World Intellectual Property Organization denies Nintendo’s ‘domain squatting’ complaint

July 1, 2013 6:40 pm Published by Leave your thoughts

When businesses are about to release a new flagship product, they need to make sure they own the web domain name well in advance. Otherwise, someone else may acquire it first.

Japanese video game company Nintendo recently learned this lesson the hard way.

In June, the World Intellectual Property Organization (WIPO) denied the company's request to take away from the current owners, who are not affiliated with Nintendo.

When Nintendo announced its most recent home gaming console, the Wii U, in 2011, a few observers were surprised to learn the the company had not yet purchased the domain name to help promote the device. This didn't change when the Wii U was released in November 2012, either. In fact, according to a report on, people who searched for at the time ended up being redirected to a web site.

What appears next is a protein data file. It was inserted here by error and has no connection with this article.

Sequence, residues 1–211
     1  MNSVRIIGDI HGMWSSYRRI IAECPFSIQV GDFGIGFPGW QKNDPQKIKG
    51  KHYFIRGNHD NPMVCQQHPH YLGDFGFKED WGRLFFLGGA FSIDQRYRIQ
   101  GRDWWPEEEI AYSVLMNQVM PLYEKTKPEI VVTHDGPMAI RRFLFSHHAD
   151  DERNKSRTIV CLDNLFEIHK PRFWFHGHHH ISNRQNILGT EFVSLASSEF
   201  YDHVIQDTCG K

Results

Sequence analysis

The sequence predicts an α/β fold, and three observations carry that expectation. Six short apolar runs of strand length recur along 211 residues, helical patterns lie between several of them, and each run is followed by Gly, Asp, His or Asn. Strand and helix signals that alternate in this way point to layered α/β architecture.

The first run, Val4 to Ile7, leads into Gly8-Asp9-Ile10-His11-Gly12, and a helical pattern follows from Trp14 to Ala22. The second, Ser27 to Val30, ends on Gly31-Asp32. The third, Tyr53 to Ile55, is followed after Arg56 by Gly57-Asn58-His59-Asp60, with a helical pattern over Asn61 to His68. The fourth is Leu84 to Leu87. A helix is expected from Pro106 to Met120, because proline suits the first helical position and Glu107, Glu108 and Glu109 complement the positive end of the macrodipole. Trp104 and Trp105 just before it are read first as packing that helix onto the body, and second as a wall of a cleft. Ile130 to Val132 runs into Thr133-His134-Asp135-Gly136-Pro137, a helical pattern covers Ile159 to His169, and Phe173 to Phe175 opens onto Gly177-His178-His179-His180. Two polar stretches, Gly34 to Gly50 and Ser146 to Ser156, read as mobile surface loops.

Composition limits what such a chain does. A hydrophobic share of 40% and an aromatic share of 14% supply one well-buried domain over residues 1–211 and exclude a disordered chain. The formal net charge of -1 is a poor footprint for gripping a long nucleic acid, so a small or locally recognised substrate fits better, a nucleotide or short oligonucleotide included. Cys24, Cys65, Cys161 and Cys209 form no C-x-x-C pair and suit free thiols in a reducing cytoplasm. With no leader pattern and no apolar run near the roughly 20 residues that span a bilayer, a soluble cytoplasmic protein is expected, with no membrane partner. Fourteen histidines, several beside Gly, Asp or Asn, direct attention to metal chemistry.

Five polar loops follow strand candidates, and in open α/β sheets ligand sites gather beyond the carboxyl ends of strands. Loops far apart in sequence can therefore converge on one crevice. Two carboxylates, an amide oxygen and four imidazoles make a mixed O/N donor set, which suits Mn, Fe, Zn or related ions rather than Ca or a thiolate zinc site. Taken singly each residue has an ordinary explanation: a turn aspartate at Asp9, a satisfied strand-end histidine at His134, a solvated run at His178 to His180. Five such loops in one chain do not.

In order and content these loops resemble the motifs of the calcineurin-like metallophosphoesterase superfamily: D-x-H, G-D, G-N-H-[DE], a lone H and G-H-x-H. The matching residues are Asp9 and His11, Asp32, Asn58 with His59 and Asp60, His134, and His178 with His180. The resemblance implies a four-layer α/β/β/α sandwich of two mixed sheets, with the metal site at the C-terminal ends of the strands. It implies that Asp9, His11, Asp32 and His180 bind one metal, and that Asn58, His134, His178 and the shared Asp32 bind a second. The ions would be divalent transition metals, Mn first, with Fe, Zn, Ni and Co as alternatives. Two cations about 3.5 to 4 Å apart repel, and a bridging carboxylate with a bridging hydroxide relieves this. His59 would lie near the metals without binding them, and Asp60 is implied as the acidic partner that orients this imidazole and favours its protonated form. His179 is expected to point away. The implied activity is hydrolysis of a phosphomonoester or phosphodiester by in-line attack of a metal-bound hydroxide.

Finally, In February, Nintendo accused the current owners of "domain squatting." This term refers to the practice of buying domain names that are the same or virtually identical to popular products and services and attempting to profit off the influx of users who end up on these websites. Though illegal in the U.S., thanks to the Anticybersquatting Consumer Protection Act of 1999, the practice is notoriously hard to prosecute, since it is so easy to buy domain names.

Though reported that the case seemed like a "slam dunk" for Nintendo, the WIPO clearly thought otherwise. Now, the only way Nintendo will be able to use will be to purchase the domain name—likely for a substantial sum of money.

Though this is not an uncommon mistake, it can be avoided. Companies seeking to protect their intellectual property should seek the advice of a Phoenix small business attorney before releasing new products.

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